ANZ has announced the removal of all frontline retail sales targets and incentives starting from October 01, 2018.
The bank trialled a ‘balanced scorecard’ in 2017 which took into account various factors including customer feedback, service, product knowledge and sales. ANZ says staff have embraced the scorecard approach, and the performance of the bank has not suffered with reduced sales incentives.
The move was described as the next logical step forward, and has sent a strong message to the market about the changing culture and conduct environment across the financial sector.
“It’s been an ongoing journey for us for several years now, and we moved from sales targets to a full balanced scorecard approach last year,” ANZ managing director of retail and business banking Antonia Watson told Insurance Business. “We know that our staff want to do the right thing for our customers regardless of whether or not a sales target is in place, so we thought that it was high time to remove them completely.
“I’ve had personal emails from a number of staff who have responded very positively, and they’re generally very proud that we’re leading the change.”
The move follows IAG’s scrapping of sales targets in June, and comes off the back of an intensive conduct and culture review into financial services being conducted by the Financial Markets Authority (FMA) and the Reserve Bank of New Zealand (RBNZ). With regards to the independent adviser channel, Watson says ANZ will continue to look closely at anyone they feel may be churning business inappropriately.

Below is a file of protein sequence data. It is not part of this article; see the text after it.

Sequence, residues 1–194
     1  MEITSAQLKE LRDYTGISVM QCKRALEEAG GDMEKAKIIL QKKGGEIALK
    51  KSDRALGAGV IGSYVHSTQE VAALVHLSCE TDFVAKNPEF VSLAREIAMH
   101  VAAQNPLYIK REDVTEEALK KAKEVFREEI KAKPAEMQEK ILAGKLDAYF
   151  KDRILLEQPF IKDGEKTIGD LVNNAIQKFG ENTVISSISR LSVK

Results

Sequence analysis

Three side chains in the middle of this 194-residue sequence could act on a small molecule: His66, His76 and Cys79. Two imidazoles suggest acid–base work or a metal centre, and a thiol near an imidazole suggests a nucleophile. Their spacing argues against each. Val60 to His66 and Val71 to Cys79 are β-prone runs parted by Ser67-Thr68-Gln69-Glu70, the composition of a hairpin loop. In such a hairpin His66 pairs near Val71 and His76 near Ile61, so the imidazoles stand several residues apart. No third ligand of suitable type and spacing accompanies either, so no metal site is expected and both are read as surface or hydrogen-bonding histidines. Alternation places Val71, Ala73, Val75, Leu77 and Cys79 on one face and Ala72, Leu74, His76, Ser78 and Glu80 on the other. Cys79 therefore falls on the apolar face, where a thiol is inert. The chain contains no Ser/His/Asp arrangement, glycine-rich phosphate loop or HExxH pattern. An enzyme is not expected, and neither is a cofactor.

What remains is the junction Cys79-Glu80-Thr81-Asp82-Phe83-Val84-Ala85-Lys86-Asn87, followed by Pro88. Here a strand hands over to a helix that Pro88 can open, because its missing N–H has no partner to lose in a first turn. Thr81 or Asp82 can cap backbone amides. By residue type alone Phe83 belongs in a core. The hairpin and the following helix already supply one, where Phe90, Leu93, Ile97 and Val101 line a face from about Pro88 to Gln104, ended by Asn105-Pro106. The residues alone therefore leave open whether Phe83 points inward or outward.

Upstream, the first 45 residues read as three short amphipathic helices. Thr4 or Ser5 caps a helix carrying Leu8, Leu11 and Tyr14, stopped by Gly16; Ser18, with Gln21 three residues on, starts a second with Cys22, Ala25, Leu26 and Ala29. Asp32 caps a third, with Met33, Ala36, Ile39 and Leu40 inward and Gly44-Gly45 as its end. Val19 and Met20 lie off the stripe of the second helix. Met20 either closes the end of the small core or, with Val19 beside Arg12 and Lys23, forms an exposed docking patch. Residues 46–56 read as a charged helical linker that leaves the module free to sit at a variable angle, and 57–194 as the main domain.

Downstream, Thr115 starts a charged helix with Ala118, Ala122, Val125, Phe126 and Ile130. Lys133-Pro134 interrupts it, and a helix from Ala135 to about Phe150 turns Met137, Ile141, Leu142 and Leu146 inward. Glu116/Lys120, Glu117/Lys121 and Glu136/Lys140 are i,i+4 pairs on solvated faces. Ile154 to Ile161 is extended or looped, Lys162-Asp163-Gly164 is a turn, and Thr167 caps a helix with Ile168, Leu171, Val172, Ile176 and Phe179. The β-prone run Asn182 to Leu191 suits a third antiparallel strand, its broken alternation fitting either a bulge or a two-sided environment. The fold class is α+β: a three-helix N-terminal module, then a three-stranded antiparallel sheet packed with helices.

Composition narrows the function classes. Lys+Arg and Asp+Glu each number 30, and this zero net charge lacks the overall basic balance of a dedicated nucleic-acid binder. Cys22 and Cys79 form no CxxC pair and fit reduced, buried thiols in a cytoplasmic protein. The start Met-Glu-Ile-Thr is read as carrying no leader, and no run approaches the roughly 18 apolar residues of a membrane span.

The announcement has since been welcomed by First Union, which has been pushing for an end to sales targets in the banking sector for a significant period of time.
“It’s fantastic news, and we’re really pleased that the bank has taken this step,” said First Union national organiser for finance sector workers Stephen Parry.
“The reality is that we now have a situation where New Zealand’s largest insurer – IAG – and its largest bank – ANZ – have both taken the step of removing sales targets entirely from their retail network. I think the other banks would be foolish not to follow. This is the beginning of the end for such a deeply embedded and strong sales culture within New Zealand’s finance sector, and we look forward to seeing what new culture emerges.”